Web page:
James Lipton

James Lipton discusses the Inside the Actors Studio Suite.

on Jan 4, 2010

Undaunted and, as always, inspired, Angelo delivered a score that was evocative and unforgettable, becoming instantly one of the hallmarks of the series.

Over the next fourteen years, we were besieged with questions about our music: “Is it Brahms?” “Delius?” “Where can we get the full score?”

For every hundred requests we’d had for the non-existent “full Inside the Actors Studio score,” Angelo had received a thousand. It was, in short, time to update the show’s score.

As gracious and fertile as ever, Angelo prepared to go into a studio with a full orchestra to record a cache of captivating new music cues, designed to match any mood the show’s hundreds of conversations might evoke, in a flurry of imaginative variations on the central Inside the Actors Studio theme he’d written and played fourteen years previously – the theme that evoked the deluge of questions and requests.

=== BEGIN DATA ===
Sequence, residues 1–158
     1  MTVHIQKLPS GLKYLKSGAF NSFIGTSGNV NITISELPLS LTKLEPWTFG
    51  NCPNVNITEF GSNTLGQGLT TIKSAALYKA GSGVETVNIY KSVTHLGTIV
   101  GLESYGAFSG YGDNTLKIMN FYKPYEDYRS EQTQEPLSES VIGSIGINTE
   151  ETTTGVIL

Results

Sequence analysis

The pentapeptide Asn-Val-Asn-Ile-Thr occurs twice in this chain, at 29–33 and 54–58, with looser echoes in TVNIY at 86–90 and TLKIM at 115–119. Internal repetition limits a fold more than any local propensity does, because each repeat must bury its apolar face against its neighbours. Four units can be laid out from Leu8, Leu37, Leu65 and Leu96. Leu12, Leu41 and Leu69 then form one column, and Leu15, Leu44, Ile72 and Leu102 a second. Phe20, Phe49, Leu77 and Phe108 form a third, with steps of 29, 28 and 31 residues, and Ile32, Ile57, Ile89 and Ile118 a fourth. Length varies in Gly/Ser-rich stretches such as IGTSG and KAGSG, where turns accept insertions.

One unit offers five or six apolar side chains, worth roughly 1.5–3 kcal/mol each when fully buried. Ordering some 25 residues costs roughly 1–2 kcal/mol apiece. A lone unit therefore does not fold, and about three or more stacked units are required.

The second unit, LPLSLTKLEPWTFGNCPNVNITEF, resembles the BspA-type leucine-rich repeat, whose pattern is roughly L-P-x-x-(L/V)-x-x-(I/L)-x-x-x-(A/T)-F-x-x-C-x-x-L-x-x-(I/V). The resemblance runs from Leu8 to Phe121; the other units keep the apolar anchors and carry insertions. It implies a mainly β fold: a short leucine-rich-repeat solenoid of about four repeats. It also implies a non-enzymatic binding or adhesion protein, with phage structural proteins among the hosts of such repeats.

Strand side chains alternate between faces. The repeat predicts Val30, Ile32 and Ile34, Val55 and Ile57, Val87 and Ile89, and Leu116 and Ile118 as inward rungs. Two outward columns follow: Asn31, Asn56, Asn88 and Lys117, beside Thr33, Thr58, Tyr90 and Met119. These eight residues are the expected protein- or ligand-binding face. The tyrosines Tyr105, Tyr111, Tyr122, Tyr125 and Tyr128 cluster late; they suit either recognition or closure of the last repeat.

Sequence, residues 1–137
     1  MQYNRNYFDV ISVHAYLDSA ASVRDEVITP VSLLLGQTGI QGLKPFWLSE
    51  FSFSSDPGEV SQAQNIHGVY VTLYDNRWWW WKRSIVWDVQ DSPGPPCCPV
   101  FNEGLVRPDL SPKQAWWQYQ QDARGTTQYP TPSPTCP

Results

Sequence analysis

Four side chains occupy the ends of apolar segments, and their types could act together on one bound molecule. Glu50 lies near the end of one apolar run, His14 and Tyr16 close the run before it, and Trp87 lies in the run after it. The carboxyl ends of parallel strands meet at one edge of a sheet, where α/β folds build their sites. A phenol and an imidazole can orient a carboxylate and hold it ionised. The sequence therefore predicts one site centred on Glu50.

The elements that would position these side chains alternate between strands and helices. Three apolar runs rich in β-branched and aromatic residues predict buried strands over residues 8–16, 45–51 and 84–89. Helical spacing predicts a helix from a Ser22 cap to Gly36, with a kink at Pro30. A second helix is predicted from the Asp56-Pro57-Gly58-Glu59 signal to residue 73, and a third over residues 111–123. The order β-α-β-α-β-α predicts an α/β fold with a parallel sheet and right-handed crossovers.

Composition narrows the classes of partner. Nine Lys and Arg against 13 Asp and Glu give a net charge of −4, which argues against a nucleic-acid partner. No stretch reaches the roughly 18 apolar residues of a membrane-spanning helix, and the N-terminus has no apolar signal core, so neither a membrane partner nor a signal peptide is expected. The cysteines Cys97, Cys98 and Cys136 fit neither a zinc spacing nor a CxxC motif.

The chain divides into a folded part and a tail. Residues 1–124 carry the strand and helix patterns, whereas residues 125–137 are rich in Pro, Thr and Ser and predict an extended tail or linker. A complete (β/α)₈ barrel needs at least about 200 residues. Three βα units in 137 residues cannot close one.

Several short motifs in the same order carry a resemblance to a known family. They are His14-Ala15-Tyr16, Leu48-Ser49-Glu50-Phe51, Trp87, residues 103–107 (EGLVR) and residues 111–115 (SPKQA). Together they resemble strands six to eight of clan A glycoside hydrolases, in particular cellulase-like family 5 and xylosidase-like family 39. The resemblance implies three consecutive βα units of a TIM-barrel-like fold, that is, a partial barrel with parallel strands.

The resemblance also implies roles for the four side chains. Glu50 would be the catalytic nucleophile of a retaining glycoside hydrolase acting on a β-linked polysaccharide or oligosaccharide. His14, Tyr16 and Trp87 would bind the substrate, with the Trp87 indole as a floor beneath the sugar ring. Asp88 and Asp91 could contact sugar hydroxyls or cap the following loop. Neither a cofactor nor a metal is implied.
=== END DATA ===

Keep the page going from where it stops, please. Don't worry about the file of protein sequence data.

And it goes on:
As Angelo was composing the cues, it occurred to me to ask whether an orchestral suite might be written to satisfy the constant demand for “the full score.”

Angelo being Angelo, I got a call from him a few days later to tell me that, in a creative burst, he’d composed the suite, and would record it with the cues at the session.

So, in response to what can honestly be called popular demand, the symphonic Inside the Actors Studio Suite, nine minutes of unmistakable, unforgettable Badalamenti, now exists, and, in answer to your question, Sharon and David – and to the questions of the many others who have inquired – check Badalamenti out through this website – and enjoy his wondrous work.

And continue letting me know your thoughts and wishes. As you can see, I read them as carefully as I read the material that winds up on those blue cards.